In Lebanon, a Major Catholic Village Walks its Way of the Cross


carrying-the-cross-dailyThe village of Kaa is in the north of the Bekaa Valley, close to the Syrian border. It has a population of some 13,000 Christians, most of them Melkites. After the city of Zahle, this is the home of the country’s the largest Catholic population. Kaa is surrounded by mostly Shiite Muslim communities.

Kaa has been very poor for a long time, with government services largely absent. On July 1, 1975, Islamic extremists from adjacent villages violently attacked the community. Five people were martyred. The government did nothing to intervene. In fact, army reports at the time did not even mention the incident.

After the arrival of Syrian troops in Lebanon in 1978, Kaa residents were divided into those supporting and opposing that presence. The government cracked down on local critics, especially members of the Kataeb party. On June 28, 1978, Syrian intelligence forces arrested 15 young members. Their lifeless bodies were brought back the next morning.

That incident left deep scars. It created a climate of fear and many residents opted for moving to Beirut. At the same time, there was an aggressive push to sell local land to outsiders.

From 1978 until 2005—that is to say, during the time of Syria’s de facto occupation of Lebanon—the Syrian army took charge of security in the village. That meant a climate of repression, as well as psychological and ideological terror that came to dominate the daily life of the local population.

Ever since that time, according to well-informed sources at the municipal level, there have continued to be illegal seizures of land, and a complete absence of legality governing the allotment of housing. Inhabitants of the neighboring Sunni village of Ersal set up shop in an agricultural zone dubbed “the Kaa projects.” They built houses there, as well as mosques and schools, without any permission or any kind of regulation. This development has made local Christians afraid of a demographic shift that would erase the Christian presence in the community.

ACN photo: Muslim Syrian refugees have set up camp in the village of Kaa.

ACN photo: Muslim Syrian refugees have set up camp in the village of Kaa.

With the start of the Syrian civil war in 2011, the area came into the spotlight again. Kaa became home to 25,000 Syrians, most of them Sunni, and sporadic fighting broke out between the Syrian army and the opposition—a further setback for the people of Kaa. A number of homes were damaged and fields burned down. Trade with Syria was greatly hampered. A still worse climate of insecurity and instability was created. Each arrival of strangers triggered fears of massacres such as the ones being committed in Syria. The future for local Christians has begun to look very dark.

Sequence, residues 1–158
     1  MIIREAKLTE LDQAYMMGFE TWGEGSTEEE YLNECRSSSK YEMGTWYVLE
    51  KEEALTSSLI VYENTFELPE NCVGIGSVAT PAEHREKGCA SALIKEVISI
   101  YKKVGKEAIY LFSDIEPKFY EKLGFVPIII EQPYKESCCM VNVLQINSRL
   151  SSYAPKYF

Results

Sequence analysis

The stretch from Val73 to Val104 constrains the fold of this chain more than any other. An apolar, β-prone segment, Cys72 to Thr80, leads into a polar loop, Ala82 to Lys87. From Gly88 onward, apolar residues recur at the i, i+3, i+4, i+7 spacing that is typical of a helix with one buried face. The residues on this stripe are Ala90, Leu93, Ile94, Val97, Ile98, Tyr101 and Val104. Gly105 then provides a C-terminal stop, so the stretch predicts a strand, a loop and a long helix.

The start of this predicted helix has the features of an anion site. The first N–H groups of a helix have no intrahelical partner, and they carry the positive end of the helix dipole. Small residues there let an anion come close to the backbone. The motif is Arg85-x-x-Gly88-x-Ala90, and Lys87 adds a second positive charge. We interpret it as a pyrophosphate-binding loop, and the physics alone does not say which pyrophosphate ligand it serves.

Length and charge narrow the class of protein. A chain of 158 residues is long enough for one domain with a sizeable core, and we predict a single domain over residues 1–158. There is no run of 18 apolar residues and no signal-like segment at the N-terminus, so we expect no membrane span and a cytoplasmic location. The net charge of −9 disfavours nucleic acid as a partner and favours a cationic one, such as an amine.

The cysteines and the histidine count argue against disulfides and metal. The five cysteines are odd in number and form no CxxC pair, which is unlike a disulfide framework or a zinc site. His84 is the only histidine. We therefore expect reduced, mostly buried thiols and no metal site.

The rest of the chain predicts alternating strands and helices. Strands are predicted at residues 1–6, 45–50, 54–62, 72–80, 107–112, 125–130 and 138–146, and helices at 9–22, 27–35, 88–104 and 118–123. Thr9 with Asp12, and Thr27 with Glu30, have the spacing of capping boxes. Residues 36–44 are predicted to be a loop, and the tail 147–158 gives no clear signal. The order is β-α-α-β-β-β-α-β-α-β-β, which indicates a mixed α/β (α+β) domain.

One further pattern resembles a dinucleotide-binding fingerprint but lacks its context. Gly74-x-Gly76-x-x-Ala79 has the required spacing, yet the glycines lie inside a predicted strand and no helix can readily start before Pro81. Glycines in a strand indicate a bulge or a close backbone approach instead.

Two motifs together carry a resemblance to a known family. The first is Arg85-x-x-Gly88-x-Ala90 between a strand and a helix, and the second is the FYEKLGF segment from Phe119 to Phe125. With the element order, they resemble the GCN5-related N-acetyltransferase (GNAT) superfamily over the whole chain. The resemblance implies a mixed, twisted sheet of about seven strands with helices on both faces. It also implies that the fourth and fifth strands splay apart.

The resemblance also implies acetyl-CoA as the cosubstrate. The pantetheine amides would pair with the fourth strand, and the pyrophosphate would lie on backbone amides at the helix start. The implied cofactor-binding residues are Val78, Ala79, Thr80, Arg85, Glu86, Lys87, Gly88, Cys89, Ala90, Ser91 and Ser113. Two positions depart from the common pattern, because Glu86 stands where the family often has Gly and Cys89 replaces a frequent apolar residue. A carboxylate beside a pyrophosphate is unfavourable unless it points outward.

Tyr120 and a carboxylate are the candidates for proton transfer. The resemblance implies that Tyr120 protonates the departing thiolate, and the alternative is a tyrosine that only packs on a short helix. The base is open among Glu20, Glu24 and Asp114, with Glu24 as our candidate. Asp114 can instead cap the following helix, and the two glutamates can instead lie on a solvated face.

Throughout the history of Lebanon, the village of Kaa only made the news during crises. And so it is today, with the spill-over from the warring factions in Syria, such as Al-Nusra and Hezbollah, continuing their battles across the border here in Lebanon. The Syrian conflict is raging all along from the Syrian hinterland to chain of mountains straddling the Lebanese-Syrian border to the east, from Ersal to Kaa. The border is regularly bombed by the Syrian army, with shells and rockets striking Lebanese territory.

The Christians of Kaa are living in a state of permanent terror regarding their future—for a number of reasons:

The location of the village being right beside the border; any fighting just across the border in Syria has ramifications in Kaa;

The people of Kaa are living in territory controlled by the Shiite Hezbollah, who in support of the Syrian regime use Lebanese border villages as staging grounds for rocket attacks aimed at rebel forces in Syria;

Then there is the massive Sunni presence in the region that is home to the “Kaa projects,” an area that has continued to grow considerably in the wake of the arrival of waves of Muslim Syrian refugees who threaten to displace the local Christians.

Bands of Islamic radicals belonging to factions like Al-Nusra freely move about in Ersal, killing civilians and engaging the Lebanese army in fire fights. The people of Kaa are on constant alert in the face of the threat of terrorist organizations expanding their presence, a presence that can easily turn murderous for Christians. Just like the Christians that suffered such heinous acts at the hands of ISIS in Mosul, many residents of Kaa are driven to exile.

Under these sad and difficult circumstances and utterly lacking security, the Christians of Kaa have no choice but to arm themselves with their faith and hope—all the while waiting to see how the situation in Syria will develop. Although Kaa is in Lebanon, its fate is always tied to the conditions across the border. As such, the situation of the Christians of Kaa is as dramatic as any faced by other Christians in the Middle East.


About Author

  • jenny

    it is very scary…..